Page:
august 24th nnas tutor award for 7 participants at gilwern oec
7 participants completed the course yesterday as a step in the direction to becoming NNAS Course Directors for the NNAS Bronze and Silver Navigator Awards.
The client was MonLife who operate the Gilwern OEC and it was an enjoyable course for me to deliver. Participant feedback was very positive.
The morning classroom based theoretical session was at Gilwern OEC and the afternoon practical session on and around the Blorenge.
1. Obviously a well versed and well qualified instructor.
2. Alan casually reinforced student knowledge base in a way that encouragd participation and passed on information with quality.
3. The course was very relaxed and learning materials appropriate to the course.
4. The information given about NNAS was useful and not overloading.
5. The navigation element of the course was produced in a relaxed and friendly way.
6. Talked through ideas, skills and practices.
Learnin some games/resources to use on a course. Going through and checking nav. skills together.
7. Covered nav. skills well and looked at advanced map reading skills with more in-depth nav. skills.
the nnas tutor award
In 2016 the NNAS launched the NNAS Tutor Award, a course for Providers and their Course Directors who teach navigation. It is a recognition that just because one can personally navigate it doesn’t follow that one can teach it!
Who is the Tutor Award for?All Registered Navigator Award Providers and their Course Directors have attended this CPD-accredited course in order to offer the Navigator awards.
The NNAS Tutor Award is suitable for people 16yrs+ only.
Successful completion of the NNAS Tutor Award will also enable (after approval by NNAS) those without a higher hill or mountain walking qualification, but with experience and interest in the outdoors, to help teach on a Bronze award under the guidance of a registered NNAS Course Director. They will be called “Bronze Tutors”. In this case, once the NNAS Tutor Award is completed, an application by email to the NNAS must be made and approved before that person assists on Bronze courses.
The course is a mixture of indoor and outdoor practical sessions and offers the opportunity for candidates to discuss their own methodology as well as learning new techniques from others.
mONDAY 21ST AUGUST: A guided walk from gospel pass, over hay bluff (677m) and offa's dyke down into hay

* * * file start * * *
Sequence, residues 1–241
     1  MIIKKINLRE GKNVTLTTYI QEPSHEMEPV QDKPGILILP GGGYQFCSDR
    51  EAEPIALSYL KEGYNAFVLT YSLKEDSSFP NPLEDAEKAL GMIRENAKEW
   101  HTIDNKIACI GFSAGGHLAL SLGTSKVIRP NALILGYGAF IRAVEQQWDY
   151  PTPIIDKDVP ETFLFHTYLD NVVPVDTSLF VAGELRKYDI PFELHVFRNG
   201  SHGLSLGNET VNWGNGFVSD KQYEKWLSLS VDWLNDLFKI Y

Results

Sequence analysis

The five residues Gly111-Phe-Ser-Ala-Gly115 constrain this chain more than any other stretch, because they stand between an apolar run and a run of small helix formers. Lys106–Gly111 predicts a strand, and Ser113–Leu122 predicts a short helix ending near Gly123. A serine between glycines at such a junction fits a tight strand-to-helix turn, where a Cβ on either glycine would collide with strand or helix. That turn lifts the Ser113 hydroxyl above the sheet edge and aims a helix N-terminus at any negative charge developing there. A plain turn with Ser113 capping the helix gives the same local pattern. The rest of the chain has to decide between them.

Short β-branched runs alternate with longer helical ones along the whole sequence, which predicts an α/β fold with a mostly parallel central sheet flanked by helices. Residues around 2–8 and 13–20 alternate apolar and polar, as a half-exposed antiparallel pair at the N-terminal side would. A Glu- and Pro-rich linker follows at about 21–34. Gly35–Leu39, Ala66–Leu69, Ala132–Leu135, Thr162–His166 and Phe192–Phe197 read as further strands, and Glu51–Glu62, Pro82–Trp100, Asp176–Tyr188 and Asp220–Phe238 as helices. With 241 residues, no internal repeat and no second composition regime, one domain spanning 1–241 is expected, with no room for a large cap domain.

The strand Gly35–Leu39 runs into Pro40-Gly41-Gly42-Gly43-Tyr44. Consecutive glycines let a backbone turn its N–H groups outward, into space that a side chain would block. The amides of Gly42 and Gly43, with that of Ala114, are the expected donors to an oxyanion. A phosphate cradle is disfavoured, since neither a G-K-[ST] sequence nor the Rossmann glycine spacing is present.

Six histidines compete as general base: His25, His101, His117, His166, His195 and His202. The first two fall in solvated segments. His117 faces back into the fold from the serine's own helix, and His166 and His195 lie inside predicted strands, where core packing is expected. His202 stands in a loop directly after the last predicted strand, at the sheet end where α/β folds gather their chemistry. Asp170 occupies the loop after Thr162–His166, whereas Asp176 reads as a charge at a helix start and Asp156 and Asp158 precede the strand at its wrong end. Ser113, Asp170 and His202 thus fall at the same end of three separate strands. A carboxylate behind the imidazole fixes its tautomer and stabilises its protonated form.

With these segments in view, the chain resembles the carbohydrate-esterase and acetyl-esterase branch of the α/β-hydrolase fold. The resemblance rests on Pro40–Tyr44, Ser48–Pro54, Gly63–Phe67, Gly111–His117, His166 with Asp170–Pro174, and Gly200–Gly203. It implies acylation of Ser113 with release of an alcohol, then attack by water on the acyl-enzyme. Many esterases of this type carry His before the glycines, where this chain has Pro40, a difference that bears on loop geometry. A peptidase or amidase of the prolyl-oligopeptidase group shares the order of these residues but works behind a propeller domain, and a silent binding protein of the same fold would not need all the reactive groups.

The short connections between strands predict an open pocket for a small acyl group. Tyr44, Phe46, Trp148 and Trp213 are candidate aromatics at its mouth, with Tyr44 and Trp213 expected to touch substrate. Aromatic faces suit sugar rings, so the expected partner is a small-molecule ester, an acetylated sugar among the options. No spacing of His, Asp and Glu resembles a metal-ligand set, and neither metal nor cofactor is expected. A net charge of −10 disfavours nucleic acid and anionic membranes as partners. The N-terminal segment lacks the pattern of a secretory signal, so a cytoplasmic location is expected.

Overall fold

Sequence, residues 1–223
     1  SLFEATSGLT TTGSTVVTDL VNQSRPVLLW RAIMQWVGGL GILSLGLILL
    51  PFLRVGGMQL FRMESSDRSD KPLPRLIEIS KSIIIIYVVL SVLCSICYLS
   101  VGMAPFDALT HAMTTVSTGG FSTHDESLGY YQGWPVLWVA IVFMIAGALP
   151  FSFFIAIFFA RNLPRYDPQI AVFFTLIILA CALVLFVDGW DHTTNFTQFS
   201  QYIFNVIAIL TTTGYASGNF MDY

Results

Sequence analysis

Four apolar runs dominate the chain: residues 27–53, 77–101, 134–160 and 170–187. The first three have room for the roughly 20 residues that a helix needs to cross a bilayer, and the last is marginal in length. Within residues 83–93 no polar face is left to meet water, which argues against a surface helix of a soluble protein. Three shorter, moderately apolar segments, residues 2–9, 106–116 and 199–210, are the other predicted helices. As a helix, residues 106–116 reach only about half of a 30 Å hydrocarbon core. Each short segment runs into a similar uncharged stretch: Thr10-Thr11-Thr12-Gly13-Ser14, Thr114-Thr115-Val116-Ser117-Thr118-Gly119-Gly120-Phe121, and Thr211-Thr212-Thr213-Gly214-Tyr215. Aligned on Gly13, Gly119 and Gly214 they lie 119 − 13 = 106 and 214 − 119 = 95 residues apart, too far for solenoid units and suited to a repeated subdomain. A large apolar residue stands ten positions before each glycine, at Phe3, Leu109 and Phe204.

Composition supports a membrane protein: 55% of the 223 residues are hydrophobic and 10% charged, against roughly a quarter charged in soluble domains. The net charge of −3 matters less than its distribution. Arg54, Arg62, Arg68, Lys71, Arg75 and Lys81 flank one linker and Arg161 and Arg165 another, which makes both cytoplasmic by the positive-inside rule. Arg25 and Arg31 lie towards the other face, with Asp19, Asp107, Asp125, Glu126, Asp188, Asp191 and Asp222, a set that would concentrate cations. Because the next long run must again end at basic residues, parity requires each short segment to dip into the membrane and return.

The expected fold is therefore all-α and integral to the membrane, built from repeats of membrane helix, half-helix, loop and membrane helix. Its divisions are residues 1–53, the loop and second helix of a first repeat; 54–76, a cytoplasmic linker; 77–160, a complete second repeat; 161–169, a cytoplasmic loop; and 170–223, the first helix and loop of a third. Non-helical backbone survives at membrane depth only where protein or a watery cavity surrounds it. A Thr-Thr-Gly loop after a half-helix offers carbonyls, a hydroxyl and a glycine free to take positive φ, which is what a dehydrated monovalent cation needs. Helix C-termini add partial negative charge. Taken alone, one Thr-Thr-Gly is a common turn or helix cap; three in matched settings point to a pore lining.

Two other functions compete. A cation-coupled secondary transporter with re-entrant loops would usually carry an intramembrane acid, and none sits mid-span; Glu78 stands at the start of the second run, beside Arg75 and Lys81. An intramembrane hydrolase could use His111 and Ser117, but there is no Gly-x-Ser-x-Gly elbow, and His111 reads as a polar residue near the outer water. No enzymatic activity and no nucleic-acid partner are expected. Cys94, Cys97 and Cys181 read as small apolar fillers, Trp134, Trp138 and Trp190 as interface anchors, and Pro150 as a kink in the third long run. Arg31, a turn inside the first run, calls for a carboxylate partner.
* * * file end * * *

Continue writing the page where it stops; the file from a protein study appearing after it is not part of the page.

highlights of the walk
1. Gospel Pass which featured in the opening scenes of An American Werewolf in London (1981) because it was a cheaper alternative to filming in Northern England.
2. A pleasant 3km of walk above 600m giving fine views of the Wye Valley to the north.
3. A section of the Offa's Dyke National Trail.
4. A detour onto Hen Allt Common to view the rare, in the wild, Autumn Crocus.
tThe group of 5 met in Hay-on-Wye main car park and then travelled up to Gospel Pass where my planned route began for the 12km walk back to Hay-on-Wye. It didn't take us long to get up to Gospel Pass ( 549m) and we were soon on the steep section of path up to the 650m contour and then along the escarpment to Hay Bluff (677m) where we paused for coffee.
Heading southeast to Llech y Lladron we joined Offa's Dyke to begin our walk back to Hay-on-Wye. Crossing the road onto the most northern part of Hay Common we paused for lunch at the Quarry (disused) which gave us some shelter from the strong winds.
After lunch we continued northwards through Cadwgan Farm which was well maintained and a sign even offered water on request which was nice to see. A little further on I'd planned a slight detour onto Hen Allt Common to see the Autumn Crocus which I thought would be in flower, a rare sight in the wild. I'd managed the common whilst employed as an Area Manager with the Brecon Beacons National Park Authority. On many Wednesdays, with my Volunteer Wardens, we worked under the supervision of the National Park Ecologists to manage the common. These days, it was more of a forgotten wilderness with broken duckboarding but we did see what we were looking for.
Rejoining the Offa's Dyke we were soon back in Hay-on-Wye to enjoy a coffee and a visit to the Rohan Designs shop there.
Many thanks to Wendy for driving me back to Gospel Pass to collect my car. I think it's fair to see we'd all enjoyed the 12km walk.
FEEDBACK FROM WENDY
The Gospel Pass ascent of Hay Bluff is little work for a big reward. The remoteness of the mountain tops and views afforded were superb. A treat was to get to see an area of Autumn crocus, which none of us knew about, except Alan. It’s always nice to have an eclectic walk offering a host of different terrains - mountains, National trails, wooded pathways, wooden bridges and ending up in the lovely town of Hay on Wye for a coffee and a mooch around. It was great to see the national trail signs attached to the stone monuments of the mountains.
a few images by wendy
Following on from retirement, more time will be available for hill and mountain walking on a personal basis with friends.